By Alfred Corn
Loaf after loaf, in several sizes,
and never does it not look fresh,
as though its insides weren’t moist
or warm crust not the kind that spices
a room with the plump aroma of toast.
Found on the table; among shadows
next to the kitchen phone; dispatched
FedEx (without return address, though).
Someone, possibly more than one
person, loves me. Well then, who?
Amazing that bread should be so weightless,
down-light when handled, as a me
dying to taste it takes a slice.
Which lasts just long enough to reach
my mouth, but then, at the first bite,
Nothing! Nothing but air, thin air ….
Oh. One more loaf of wonderbread,
only a pun for bread, seductive
visually, but you could starve.
Get rid of it, throw it in the river—
Beyond which, grain fields. Future food for the just
and the unjust, those who love, and do not love.
Alfred Corn, “Wonderbread” from Present (Washington: Counterpoint Press, 1997). Copyright © 1997 by Alfred Corn. Reprinted with the permission of the author.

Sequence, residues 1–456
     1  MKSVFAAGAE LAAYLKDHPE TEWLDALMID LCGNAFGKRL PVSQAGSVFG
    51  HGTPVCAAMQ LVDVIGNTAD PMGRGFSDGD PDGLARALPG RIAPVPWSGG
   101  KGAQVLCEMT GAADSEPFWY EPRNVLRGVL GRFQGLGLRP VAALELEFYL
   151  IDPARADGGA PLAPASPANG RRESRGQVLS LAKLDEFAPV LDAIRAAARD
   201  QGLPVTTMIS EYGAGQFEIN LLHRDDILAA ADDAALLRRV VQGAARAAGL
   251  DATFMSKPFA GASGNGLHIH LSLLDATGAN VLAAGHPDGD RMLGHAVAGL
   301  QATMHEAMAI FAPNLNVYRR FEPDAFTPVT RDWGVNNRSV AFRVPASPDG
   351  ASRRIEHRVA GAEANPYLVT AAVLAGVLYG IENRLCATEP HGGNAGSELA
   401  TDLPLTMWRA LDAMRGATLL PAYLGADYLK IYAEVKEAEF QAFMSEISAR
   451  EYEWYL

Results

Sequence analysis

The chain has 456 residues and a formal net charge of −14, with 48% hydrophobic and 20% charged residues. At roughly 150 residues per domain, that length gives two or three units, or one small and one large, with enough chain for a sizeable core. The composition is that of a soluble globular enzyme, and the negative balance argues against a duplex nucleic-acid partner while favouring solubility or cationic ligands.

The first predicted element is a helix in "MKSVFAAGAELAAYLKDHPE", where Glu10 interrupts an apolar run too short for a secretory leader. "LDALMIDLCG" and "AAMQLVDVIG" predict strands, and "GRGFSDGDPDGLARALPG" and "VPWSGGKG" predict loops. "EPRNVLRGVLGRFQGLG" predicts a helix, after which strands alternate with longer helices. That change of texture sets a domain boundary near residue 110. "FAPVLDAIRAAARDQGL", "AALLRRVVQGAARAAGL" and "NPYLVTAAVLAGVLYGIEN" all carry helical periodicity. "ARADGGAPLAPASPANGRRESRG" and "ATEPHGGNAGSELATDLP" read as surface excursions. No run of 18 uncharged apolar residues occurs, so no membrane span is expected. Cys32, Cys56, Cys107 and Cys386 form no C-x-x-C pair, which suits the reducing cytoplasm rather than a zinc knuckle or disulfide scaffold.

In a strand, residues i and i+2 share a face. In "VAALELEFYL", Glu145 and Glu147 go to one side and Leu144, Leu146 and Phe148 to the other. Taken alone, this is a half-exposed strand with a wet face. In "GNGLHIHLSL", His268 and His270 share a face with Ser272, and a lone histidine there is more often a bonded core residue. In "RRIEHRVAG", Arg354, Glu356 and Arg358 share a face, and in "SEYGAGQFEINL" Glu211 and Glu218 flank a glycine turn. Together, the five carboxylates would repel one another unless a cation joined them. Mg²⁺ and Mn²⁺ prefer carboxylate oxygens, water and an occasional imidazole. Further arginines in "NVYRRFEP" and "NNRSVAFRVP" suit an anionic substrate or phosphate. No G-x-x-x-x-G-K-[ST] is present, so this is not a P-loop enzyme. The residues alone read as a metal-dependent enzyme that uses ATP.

Source: Present (Counterpoint Press, 1997)
More Poems about Activities
I come home,
feet about to bleed
from angry stomping.
“Boy!” says Mom.
“Quit making all that racket.”
But what does she expect
when, day after day,
haters sling words at me
like jagged stones
designed to split my skin?
I retreat to my room,
collapse on the bed,
count, “One. Two....
Nowhere Else to Go
Turn off the lights.
Wear another layer.
(Sounds like a dad.)
(Sounds like a mom.)
You say hand-me-down.
I say retro.
Walk some more.
(See what I did there,
Your name in Sharpie
on a good water bottle.
Backpack. New habits.
No thanks, don’t need a bag.
Tell ten friends